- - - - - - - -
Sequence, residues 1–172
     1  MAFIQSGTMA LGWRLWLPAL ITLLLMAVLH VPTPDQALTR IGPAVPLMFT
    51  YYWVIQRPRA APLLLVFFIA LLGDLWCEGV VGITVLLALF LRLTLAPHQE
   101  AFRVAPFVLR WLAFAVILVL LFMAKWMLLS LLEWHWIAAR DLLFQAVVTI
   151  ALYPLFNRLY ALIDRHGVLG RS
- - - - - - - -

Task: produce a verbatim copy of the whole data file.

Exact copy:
Sequence, residues 1–172
     1  MAFIQSGTMA LGWRLWLPAL ITLLLMAVLH VPTPDQALTR IGPAVPLMFT
    51  YYWVIQRPRA APLLLVFFIA LLGDLWCEGV VGITVLLALF LRLTLAPHQE
   101  AFRVAPFVLR WLAFAVILVL LFMAKWMLLS LLEWHWIAAR DLLFQAVVTI
   151  ALYPLFNRLY ALIDRHGVLG RS